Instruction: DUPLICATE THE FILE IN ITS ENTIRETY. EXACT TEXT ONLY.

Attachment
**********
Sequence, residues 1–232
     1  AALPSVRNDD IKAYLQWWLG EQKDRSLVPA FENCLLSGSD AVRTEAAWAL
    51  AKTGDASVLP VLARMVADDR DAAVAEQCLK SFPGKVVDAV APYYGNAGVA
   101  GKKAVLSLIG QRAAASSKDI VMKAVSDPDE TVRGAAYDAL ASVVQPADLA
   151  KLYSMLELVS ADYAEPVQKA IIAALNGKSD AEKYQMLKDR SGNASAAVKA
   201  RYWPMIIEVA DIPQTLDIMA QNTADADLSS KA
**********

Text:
Sequence, residues 1–232
     1  AALPSVRNDD IKAYLQWWLG EQKDRSLVPA FENCLLSGSD AVRTEAAWAL
    51  AKTGDASVLP VLARMVADDR DAAVAEQCLK SFPGKVVDAV APYYGNAGVA
   101  GKKAVLSLIG QRAAASSKDI VMKAVSDPDE TVRGAAYDAL ASVVQPADLA
   151  KLYSMLELVS ADYAEPVQKA IIAALNGKSD AEKYQMLKDR SGNASAAVKA
   201  RYWPMIIEVA DIPQTLDIMA QNTADADLSS KA